The book is especially useful for its historical treatment of the trajectory of American Catholic neoconservatism. "which since the 1980s has taken the place of the Catho-Marxist messianism of the 1970s," and "is a conservative political theology, a right-wing variant of left-wing political theology." In Borghesi's rendering of recent Roman Catholic history, in the years after Vatican II, "which were marked by intense theological disputes and, in some segments, an attempt to understand Christianity through a Marxist lens—the church seemed to establish, with the pontificate of John Paul II, a renewed sense of identity and balance." The future Pope Francis was attracted to John Paul's "path by which the church could avoid the two siren calls of reactionism and revolution."

A particularly insightful aspect of Borgghesi's analysis is that with Communism's fall, the moral dimension of anti-communist ideology was lost, which "explains why the era of globalization coincides with a much more radical secularization of Western life than occurred during the 1960s and 1970s. The primacy of the economy, with a new type of financial capitalism, coincides with the decline of politics, ethics, and religion. The ideal that stood in contradistinction with Marxist ideology disappeared, and a cynical and soulless pragmatism based on an individualistic, Hobbesian-Darwinist anthropology triumphed. Faced with this 'anthropological mutation,' which had been clearly foreseen in the 1970s by Pier Paolo Pasolini, the church stood bewildered and unprepared." In the U.S., "The secularization of the North American landscape and in particular of the Democratic Party pushed Catholics into the Republican sphere, with its typically Protestant combination of defense of the family and the free market."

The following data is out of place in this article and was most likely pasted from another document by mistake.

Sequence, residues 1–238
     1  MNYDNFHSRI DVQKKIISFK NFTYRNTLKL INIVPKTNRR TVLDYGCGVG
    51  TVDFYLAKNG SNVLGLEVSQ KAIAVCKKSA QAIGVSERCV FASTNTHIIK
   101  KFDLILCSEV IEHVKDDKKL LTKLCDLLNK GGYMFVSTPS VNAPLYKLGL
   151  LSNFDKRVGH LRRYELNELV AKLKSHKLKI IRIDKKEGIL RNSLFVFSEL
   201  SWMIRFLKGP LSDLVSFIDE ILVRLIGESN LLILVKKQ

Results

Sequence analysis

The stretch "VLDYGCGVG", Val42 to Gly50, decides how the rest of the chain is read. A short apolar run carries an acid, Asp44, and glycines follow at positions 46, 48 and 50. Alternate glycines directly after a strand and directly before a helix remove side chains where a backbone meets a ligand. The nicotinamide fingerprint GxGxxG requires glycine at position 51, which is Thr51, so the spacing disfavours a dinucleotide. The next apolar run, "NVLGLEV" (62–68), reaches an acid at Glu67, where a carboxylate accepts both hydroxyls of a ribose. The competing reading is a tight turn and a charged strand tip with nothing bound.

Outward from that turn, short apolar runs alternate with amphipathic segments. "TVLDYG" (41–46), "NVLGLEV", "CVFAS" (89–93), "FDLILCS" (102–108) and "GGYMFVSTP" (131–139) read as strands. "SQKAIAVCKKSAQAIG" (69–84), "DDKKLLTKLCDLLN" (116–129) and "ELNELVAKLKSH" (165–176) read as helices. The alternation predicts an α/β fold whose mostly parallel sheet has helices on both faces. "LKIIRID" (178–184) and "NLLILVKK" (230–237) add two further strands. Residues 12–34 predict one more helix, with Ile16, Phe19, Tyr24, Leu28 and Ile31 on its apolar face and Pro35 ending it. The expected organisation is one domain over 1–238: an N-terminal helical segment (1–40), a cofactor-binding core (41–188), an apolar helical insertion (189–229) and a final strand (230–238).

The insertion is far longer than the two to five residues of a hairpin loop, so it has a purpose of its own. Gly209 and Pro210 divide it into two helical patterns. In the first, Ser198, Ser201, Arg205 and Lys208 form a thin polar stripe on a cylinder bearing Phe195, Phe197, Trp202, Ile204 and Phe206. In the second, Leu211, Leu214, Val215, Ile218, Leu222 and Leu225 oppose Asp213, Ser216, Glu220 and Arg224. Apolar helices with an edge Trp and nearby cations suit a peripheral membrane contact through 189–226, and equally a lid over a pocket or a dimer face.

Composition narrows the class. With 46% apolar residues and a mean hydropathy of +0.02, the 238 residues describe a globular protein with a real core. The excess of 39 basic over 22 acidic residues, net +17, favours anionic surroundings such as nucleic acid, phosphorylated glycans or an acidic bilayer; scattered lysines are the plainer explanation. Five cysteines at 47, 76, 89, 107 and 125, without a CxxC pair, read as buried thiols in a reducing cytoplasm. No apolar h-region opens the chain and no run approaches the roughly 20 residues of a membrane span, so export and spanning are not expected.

One key to this, which is sometimes insufficiently emphasized, is that, being on the left after the fall of communism, has "meant cultivating an individualistic, radical liberalism that elevated physical and individual desires as a model of human progress in general. Poverty, social inequalities, workers’ rights, economic justice, and collaboration between the state and civil society in management of the economy disappeared from the view of the new left. It became libertarian and pleasure-seeking, measuring quality of life solely by one’s personal sense of psychosocial well-being." In this context, the Church increasingly embraced "conservative positions, in reaction to a relativistic and optimistic postmodernism, coincided with an ecclesial “retreat,” a closure from and distrust of a world perceived as hostile, alien, enemy."

The dangerous irony in this was that this militant "dialectical model," with its dismissal of "mission and dialogue," applied only to a narrow set of "life issues." In other areas, "a decisive conformism reigned. The rejection of the spirit of secularization was accompanied by an unconditional embrace of a capitalist model, which, ironically, was the real engine of the very secularization that was supposed to be the enemy. Hence the impotence of a struggle that bears within itself a contradiction: opposition to the relativism and individualism created by economic processes that are accepted enthusiastically."

His historical account focuses especially on figures like Michael Novak (author in 1982 of The Spirit of Democratic Capitalism), who, Borghesi argues, advocated "a Catholicism modeled on the American lifestyle." For Borghesi's Novak, "cooperation between capitalism and modern Christianity excludes the idea of solidarity. It also excludes any critical appraisal of the liberal model." It is a bourgeois Christianity, in which "it is the economy that dictates the ethical model rather than vice versa."

Novak was part of "a very active group of intellectuals who, in the span of a few years, managed to establish themselves as the shapers of the American Catholic conscience." This group, which also famously included former liberal Lutheran minister and convert to Catholicism, Fr. Richard Neuhaus, "was part of a neoconservative galaxy dotted with intellectuals, disappointed by the left and by the politics of the Democratic Party."